The 2017-18 budget promoted the CSP as a way for the government to raise A$26.9 million. This revenue gain comes from the extraordinarily high fees associated with the program. Altogether, the fees amount to more than A$100,000 to sponsor a refugee family of five.
What is the community saying?
Governments all over the world are looking at ways to increase community involvement in resettling refugees. Canada has been running a program that has facilitated the private sponsorship of more than 300,000 refugees since 1978.
Our unpublished research shows that Australian community members are eager to sponsor and support refugees to settle in Australia. But the current program is expensive, restrictive and does not expand Australia’s resettlement numbers. These problems have dissuaded community groups from getting involved.
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A coalition of refugee and community organisations has formed the Community Refugee Sponsorship Initiative (CRSI). This calls on the government to develop a new sponsorship model “to enable people to come together to add to, not reduce, Australia’s resettlement places”.
They have collected the names of more than 13,000 community members who would sponsor refugees should the current model be reformed.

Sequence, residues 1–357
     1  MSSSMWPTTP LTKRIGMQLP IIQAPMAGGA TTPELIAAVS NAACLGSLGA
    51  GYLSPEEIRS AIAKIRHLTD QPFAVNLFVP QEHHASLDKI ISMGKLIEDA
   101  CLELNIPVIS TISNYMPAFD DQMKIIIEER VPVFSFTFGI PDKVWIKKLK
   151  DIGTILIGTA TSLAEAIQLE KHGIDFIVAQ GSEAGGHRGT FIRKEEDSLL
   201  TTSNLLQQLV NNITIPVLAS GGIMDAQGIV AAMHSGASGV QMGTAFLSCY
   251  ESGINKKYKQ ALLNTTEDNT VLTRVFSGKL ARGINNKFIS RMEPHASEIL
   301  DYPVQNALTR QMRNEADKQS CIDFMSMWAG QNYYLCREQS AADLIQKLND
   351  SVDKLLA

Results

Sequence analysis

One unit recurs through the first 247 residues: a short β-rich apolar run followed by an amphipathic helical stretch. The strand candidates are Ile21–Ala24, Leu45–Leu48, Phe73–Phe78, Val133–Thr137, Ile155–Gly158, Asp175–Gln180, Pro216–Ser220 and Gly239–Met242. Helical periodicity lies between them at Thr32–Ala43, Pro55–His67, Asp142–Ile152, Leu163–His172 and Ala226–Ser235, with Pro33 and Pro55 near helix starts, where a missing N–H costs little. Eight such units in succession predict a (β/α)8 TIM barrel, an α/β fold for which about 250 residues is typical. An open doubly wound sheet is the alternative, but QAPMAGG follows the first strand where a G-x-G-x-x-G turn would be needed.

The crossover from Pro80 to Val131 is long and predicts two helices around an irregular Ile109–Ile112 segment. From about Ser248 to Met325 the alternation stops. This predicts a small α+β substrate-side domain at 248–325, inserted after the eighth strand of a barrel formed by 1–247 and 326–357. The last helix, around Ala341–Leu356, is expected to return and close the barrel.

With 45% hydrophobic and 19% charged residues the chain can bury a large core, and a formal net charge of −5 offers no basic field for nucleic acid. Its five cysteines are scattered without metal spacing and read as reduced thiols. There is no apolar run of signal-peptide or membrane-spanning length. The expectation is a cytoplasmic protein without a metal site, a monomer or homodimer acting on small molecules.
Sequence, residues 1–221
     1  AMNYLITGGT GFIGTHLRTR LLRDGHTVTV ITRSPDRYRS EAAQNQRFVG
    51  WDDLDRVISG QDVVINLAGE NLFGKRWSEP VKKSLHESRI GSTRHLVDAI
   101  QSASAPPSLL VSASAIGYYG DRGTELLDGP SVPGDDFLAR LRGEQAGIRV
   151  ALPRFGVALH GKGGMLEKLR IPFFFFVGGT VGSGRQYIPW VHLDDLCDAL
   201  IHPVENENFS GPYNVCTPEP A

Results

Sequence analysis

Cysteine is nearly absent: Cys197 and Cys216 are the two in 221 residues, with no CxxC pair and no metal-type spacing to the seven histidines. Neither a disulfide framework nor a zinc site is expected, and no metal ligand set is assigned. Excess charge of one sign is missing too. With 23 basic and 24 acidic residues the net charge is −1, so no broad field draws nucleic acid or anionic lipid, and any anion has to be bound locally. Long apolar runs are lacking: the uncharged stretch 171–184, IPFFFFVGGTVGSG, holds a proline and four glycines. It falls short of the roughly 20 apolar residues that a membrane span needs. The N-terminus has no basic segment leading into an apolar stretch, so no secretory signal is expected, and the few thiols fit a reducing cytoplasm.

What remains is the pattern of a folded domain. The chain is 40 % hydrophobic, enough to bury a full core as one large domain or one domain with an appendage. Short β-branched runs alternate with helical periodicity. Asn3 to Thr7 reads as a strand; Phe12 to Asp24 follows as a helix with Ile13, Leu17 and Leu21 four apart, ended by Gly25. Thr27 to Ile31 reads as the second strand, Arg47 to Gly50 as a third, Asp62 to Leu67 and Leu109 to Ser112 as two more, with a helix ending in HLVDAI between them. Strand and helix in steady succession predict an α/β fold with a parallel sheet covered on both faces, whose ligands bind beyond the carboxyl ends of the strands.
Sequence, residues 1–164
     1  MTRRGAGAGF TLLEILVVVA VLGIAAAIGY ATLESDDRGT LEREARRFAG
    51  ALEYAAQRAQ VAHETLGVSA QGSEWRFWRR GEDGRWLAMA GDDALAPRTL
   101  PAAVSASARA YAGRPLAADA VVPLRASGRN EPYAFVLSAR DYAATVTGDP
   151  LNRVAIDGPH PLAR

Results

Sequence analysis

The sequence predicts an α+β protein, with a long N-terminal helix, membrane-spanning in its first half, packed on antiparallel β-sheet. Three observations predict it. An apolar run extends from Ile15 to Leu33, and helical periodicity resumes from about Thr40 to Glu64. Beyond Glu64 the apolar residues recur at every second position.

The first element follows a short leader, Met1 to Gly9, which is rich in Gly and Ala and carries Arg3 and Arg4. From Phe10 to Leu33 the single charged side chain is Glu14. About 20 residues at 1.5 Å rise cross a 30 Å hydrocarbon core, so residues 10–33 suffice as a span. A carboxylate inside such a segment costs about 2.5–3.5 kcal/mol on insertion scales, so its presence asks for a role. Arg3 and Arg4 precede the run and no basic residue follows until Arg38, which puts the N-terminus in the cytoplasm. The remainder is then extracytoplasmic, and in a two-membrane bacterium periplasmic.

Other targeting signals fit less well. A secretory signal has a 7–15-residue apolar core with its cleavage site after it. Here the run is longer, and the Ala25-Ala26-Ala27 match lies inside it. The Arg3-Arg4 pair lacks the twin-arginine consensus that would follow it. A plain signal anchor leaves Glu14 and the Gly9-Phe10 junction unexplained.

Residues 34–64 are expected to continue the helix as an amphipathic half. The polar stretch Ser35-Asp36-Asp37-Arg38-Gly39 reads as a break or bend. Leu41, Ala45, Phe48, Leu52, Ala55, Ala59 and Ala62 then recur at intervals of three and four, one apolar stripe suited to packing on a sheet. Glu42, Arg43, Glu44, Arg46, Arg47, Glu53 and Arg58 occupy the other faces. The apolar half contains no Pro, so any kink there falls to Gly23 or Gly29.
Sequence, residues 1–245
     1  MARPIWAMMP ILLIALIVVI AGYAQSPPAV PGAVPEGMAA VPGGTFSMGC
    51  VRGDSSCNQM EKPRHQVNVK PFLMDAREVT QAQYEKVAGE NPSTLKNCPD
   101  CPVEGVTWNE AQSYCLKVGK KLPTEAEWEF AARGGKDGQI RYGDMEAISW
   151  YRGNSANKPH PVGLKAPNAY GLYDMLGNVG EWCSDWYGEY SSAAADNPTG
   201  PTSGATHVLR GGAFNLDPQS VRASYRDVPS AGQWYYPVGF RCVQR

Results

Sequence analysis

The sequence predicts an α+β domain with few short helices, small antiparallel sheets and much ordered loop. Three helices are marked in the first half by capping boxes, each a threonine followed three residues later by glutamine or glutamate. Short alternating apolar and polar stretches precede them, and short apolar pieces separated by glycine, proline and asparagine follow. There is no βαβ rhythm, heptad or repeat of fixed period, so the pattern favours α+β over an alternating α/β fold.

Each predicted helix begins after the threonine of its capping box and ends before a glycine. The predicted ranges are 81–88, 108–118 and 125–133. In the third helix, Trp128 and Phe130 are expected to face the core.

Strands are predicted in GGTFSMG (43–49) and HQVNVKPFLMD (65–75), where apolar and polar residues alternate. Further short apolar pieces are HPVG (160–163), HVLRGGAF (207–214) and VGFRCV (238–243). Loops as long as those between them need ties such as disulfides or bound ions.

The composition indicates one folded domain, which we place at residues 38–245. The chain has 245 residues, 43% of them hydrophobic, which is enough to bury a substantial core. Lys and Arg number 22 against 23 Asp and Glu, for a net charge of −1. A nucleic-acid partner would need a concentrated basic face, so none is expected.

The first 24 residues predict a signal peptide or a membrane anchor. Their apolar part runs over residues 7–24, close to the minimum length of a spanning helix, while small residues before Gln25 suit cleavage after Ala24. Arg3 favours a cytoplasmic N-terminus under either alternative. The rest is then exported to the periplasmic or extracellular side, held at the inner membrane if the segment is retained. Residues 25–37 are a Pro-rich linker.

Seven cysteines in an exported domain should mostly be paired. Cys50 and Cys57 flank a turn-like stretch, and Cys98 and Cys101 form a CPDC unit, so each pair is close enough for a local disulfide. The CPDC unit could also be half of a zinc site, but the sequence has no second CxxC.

The CSP can expand our refugee program
Both the Greens’ and Labor’s policies pledge that the number of people coming to Australia under refugee sponsorship will be in addition to those under the humanitarian program. They also propose to abolish the problematic requirements that undermine the humanitarian principle of refugee resettlement.
To date, the CSP has been largely used by people living in Australia as a form of family reunion. This is because other safe pathways for families to be reunited have been closed off or limited by the government.
More than 90% of the 1,000 refugees resettled through the current CSP have been sponsored by family members, rather than the wider community. The CSP is also limited to refugees from the Democratic Republic of Congo, Afghanistan, Eritrea, Ethiopia, Myanmar, Bhutan, Syria and Iraq, with a significant majority coming from Syria and Iraq.
Private sponsorship will continue to function as an expensive form of family reunion until better options are made available.
Community sponsorship of refugees has the potential to transform refugee resettlement. It can significantly expand the scale of Australia’s humanitarian migration program, allowing the public to supplement the government-funded humanitarian migration program. This means more refugees finding safety every year, when other resettlement programs (such as that in the US) are shrinking.
When done properly, community sponsorship engages the broader community in the resettlement of refugee arrivals. It can challenge and rewrite government-led narratives about refugees and asylum seekers.
Asher Hirsch is a Senior Policy Officer with the Refugee Council of Australia and a member of the Community Refugee Sponsorship Initiative.
Anthea Vogl does not work for, consult, own shares in or receive funding from any company or organisation that would benefit from this article, and has disclosed no relevant affiliations beyond their academic appointment.
Licensed as Creative Commons – attribution, no derivatives.
This article was originally published on The Conversation. Read the original article.